Got this from HSLDA today.

Monday in a Harlem middle school, U.S. Ambassador to the United Nations Susan Rice told a group of 120 students that administration officials are actively discussing “when and how it might be possible to join” (that is, ratify) the UN Convention on the Rights of the Child (CRC). As before, she also communicated what a disgrace it is that the U.S. would stand with only Somalia against such a widely accepted treaty.
This is the first direct public statement by the Obama administration that it will seek ratification of the UN CRC.
In my 30 years of political involvement, I have learned to recognize this as what is called a “trial balloon.” Like in World War I trench warfare, our opponents have “sent up a balloon” to see if it will draw fire. If things remain quiet, they will proceed with their plans to push for ratification of the CRC in the U.S. Senate. To discourage them from doing so, we need to make sure that our voices are heard with unmistakable clarity. We must let the Obama administration know that we oppose this anti-family, anti-American treaty.
Here’s what we need you all to do:
1. Call the White House comments line at 202-456-1111. Tell them you heard the administration wants to ratify the CRC, and you strongly oppose this giving away of U.S. sovereignty to the UN. Also, keep in mind that this treaty gives the government jurisdiction to override any decision made by any parent if the government thinks that a better decision can be made—even if there is no proof of any harm.
2. Call the Ambassador Susan Rice’s office at the United Nations. Tell her that you want her to represent the United States to the world rather than trying to get the United States to go along with international law initiated by the UN. Her office number is 212-415-4000.
3. Contact your senators and urge them to oppose ratification of this treaty. (Find your senators’ contact information by using HSLDA’s Legislative Toolbox.) Ask them also to defeat it once and for all by cosponsoring SJRes 16—the Parental Rights Amendment.
It is very important that we speak up right now. Please call before you close this email!
Michael Farris
HSLDA Chairman

Monday, June 22, 2009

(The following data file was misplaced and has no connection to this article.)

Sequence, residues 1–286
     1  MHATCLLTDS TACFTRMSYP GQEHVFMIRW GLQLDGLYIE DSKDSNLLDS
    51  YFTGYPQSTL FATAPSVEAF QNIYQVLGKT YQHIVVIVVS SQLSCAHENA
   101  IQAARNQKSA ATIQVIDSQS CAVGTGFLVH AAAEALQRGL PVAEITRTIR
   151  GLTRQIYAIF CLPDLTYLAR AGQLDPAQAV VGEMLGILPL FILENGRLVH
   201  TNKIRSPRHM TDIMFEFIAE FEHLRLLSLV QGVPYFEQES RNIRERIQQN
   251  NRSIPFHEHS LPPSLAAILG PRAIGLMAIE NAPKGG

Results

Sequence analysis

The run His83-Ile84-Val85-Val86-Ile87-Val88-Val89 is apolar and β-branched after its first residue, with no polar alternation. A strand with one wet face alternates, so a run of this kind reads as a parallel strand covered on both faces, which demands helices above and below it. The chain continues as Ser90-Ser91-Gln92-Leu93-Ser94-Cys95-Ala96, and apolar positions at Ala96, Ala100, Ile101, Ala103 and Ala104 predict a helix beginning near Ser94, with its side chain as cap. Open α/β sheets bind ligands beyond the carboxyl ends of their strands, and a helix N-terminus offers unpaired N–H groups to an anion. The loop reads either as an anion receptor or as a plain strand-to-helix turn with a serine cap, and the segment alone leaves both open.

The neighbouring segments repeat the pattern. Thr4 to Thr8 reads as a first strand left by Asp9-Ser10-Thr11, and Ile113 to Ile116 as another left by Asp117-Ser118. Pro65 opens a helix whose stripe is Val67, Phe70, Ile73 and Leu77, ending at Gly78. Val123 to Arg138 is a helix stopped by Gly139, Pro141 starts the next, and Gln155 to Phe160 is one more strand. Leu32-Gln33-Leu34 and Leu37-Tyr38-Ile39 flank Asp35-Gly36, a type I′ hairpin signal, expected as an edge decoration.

Homeschooling High school Seminar


We have an oportunity to host a HOME SCHOOL FOR HIGH SCHOOL SEMINAR AND PORTFOLIO SESSION with Kathleen Duncan in September 2009. Kathleen has traveled through the Southeast for the past eight years and is willing to come to the Richland area for a one-day event. More details about the event and the Duncan family are below.

We must have 20 families committed to attend before July 15 to make this happen. Those 20 families will need to write a check for $50 to cover the Seminar registration or pay via Paypal on Kathleen's web page. (If the event is cancelled, you will receive a full refund.)

Please email me if you are interested in attending this event or in helping me with organization, set-up, snacks, and clean-up. I need to know by the end of the week who is interested so we can finalize our plans.

Thank you,

Home School for High School Seminar and Portfolio Session
Tuesday, September 29, 2009
Early Registration Deadline will be August 28, 2009

Schedule for the evening:
Registration 3:30-4:00Portfolio Session- 4:00-5:30Break - 5:30 - 6Home School for High School Seminar - 6-10 with short break in middle

Location - TBA
Home School for High School Seminar 6-10
Seminar Fees -
Cost per family: $50 if paid by the Early Registration Date
$60 if paid at the door or after the Early Registration Date

Optional Portfolio Session Fee -
$40 if paid by the Early Registration Date
$50 if paid at the door or after the Early Registration Date

Teens are welcome to come with their parents.

During the Seminar, Mrs. Kathleen Duncan will present information about Home Schooling for High School. Each family attending the seminar will receive a binder containing more than 200 pages covering topics such as
Getting Started
Course Development
Record Keeping
Standardized Tests: PSAT, ACT, SAT & SAT II, GED
How to Document Courses Completed
Joint Enrollment Options
Graduation Requirements
College Admissions Requirements
Creating a Portfolio & Transcript
College Search and Application Process
Many More
This information applies to colleges and universities throughout the US.

Optional Portfolio Session -